Uber says Lapsus$ gang is behind the recent breach

Uber has confirmed that the recent breach of its systems started with a compromised account belonging to a contractor.

“It is likely that the attacker purchased the contractor’s Uber corporate password on the dark web, after the contractor’s personal device had been infected with malware, exposing those credentials,” the company said.

Who’s behind the Uber breach?

The breach happened last Thursday (September 15) and has been claimed by a hacker who claims to be 18 years old.

Uber did not explain why, but said that they believe that this attacker (or attackers) are affiliated with the Lapsus$ hacking group.

“This group typically uses similar techniques to target technology companies, and in 2022 alone has breached Microsoft, Cisco, Samsung, Nvidia and Okta, among others. There are also reports over the weekend that this same actor breached video game maker Rockstar Games.”

The techniques they are talking about include bombarding employees with a high volume of two-factor login approval requests and relying on “MFA fatigue” for one finally being accepted.

What was and was not accessed

When the Uber contractor finally accepted the request, the attacker logged into their account and, from there,” the attacker accessed several other employee accounts which ultimately gave the attacker elevated permissions to a number of tools, including G-Suite and Slack.”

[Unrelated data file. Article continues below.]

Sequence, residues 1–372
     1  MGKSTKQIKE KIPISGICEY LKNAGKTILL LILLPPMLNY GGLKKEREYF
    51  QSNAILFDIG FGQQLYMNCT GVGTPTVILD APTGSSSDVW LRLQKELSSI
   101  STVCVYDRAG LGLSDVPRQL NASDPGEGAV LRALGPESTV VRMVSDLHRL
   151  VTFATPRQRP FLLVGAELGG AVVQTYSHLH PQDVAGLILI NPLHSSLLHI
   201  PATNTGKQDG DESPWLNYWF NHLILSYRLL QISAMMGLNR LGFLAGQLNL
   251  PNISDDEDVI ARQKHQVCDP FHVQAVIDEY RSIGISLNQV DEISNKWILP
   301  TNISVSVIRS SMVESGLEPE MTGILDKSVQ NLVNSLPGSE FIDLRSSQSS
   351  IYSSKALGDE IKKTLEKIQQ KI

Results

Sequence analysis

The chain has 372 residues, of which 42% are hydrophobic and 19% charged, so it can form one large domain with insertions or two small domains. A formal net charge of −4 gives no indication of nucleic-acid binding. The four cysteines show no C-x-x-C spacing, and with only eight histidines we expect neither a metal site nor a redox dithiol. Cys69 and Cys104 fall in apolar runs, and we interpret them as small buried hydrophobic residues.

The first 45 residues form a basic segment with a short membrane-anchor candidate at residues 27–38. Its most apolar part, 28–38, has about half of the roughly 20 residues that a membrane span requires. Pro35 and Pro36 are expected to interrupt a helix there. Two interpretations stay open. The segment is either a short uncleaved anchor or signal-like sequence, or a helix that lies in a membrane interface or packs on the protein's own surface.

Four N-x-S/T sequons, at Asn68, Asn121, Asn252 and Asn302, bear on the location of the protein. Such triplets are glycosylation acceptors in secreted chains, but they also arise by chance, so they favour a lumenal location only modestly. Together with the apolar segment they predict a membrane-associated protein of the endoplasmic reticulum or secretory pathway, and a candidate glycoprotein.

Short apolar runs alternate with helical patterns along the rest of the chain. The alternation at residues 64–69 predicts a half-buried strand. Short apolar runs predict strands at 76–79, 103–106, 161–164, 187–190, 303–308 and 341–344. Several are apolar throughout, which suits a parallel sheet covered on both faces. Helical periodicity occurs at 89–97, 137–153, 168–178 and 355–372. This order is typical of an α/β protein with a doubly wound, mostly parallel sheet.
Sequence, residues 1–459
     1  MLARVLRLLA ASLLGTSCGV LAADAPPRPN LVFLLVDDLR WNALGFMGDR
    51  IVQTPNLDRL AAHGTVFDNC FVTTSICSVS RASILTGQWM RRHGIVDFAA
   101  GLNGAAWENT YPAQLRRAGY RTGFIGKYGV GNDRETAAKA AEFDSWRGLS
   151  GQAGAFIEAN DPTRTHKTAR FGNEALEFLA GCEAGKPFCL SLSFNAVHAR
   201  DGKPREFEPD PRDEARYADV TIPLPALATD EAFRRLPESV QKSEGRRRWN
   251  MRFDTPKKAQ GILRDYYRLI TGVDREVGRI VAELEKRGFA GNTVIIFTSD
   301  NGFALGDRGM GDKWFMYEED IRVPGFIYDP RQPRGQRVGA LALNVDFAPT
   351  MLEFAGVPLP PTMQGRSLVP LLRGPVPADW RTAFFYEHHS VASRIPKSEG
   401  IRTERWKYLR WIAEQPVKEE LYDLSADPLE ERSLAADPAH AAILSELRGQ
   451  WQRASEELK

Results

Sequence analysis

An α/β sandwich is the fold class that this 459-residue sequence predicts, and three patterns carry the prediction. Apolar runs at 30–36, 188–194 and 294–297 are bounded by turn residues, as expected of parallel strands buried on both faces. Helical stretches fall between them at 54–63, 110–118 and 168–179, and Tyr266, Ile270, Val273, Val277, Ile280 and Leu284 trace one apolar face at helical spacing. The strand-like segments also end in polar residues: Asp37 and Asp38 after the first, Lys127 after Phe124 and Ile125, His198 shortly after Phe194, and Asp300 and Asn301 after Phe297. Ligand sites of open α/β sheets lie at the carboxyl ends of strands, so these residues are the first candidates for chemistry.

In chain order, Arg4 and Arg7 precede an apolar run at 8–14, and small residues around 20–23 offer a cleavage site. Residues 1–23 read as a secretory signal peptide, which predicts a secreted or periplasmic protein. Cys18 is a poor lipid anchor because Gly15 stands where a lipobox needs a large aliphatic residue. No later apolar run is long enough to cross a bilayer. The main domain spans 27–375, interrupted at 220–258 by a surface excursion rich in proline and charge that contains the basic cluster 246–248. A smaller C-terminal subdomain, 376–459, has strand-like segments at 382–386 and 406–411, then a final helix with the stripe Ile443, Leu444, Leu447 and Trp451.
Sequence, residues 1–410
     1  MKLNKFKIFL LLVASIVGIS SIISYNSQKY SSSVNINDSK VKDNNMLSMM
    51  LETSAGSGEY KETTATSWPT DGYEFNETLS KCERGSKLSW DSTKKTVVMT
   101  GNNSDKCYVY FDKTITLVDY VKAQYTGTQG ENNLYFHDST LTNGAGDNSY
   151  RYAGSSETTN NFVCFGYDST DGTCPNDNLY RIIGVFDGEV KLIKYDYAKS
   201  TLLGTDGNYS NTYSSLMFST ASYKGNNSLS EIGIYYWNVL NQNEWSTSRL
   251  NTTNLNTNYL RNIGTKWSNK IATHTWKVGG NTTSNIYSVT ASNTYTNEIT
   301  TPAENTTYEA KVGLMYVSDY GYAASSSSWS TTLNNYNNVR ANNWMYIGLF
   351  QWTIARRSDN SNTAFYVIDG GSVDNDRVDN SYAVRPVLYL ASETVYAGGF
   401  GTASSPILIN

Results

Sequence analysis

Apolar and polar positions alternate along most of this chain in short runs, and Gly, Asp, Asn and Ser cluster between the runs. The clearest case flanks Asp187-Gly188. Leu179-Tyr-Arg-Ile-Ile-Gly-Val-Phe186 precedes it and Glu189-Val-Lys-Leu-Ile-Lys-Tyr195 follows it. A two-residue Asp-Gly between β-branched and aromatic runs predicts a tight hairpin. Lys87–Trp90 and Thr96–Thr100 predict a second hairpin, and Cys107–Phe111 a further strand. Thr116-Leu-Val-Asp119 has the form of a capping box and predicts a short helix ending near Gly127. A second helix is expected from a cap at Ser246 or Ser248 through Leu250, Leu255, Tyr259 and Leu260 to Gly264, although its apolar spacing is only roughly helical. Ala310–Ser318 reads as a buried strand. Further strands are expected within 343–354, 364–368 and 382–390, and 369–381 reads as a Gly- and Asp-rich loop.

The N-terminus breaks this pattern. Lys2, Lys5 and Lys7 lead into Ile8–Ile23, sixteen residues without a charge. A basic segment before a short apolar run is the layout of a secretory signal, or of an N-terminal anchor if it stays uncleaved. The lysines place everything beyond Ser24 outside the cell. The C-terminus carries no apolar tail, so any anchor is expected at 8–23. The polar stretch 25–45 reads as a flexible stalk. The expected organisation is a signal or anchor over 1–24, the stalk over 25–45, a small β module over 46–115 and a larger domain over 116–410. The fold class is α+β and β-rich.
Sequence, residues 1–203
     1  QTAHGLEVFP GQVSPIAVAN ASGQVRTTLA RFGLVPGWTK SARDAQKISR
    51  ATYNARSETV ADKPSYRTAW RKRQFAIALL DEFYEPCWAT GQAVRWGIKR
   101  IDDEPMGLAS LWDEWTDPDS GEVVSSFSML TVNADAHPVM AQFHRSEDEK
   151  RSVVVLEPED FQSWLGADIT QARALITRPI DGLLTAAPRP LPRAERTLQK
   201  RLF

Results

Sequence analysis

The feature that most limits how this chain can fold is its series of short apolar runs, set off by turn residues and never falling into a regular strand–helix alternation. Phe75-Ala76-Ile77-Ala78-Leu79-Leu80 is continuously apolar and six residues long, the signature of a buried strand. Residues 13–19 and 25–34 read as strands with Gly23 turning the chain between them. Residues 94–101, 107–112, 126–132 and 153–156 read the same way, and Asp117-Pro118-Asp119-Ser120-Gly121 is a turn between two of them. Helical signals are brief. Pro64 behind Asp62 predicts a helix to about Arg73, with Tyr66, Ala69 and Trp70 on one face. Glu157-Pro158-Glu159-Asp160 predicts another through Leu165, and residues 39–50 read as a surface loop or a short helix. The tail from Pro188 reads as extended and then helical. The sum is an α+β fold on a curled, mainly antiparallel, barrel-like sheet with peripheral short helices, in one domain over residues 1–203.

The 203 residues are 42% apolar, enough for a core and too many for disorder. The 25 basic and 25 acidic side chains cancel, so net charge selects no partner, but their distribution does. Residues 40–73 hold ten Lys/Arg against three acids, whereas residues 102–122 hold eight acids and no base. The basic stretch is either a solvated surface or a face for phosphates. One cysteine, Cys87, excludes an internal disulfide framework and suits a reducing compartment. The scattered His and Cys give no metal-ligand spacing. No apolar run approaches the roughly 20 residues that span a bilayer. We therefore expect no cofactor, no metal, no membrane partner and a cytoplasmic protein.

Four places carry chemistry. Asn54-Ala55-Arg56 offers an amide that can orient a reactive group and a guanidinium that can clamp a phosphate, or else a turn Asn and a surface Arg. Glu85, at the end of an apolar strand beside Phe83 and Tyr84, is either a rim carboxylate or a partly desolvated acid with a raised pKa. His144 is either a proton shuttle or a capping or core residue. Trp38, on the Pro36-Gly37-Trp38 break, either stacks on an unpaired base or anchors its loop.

The attacker also posted a message to a company-wide Slack channel and reconfigured Uber’s OpenDNS to display a graphic image to employees on some internal sites, Uber added.

The company delineated a number of actions they took to boot the intruder out and keep them out, including strenghtening MFA policies.

Uber says that they have so far found no evidence that the attacker accessed public-facing systems powering their apps, user accounts, or their databases (on-prem or in the public cloud); nor that the attacker made changes to their codebase.

“It does appear that the attacker downloaded some internal Slack messages, as well as accessed or downloaded information from an internal tool our finance team uses to manage some invoices,” they admitted, and added that, while the attacker had access to their dashboard at HackerOne, “any bug reports the attacker was able to access have been remediated.”

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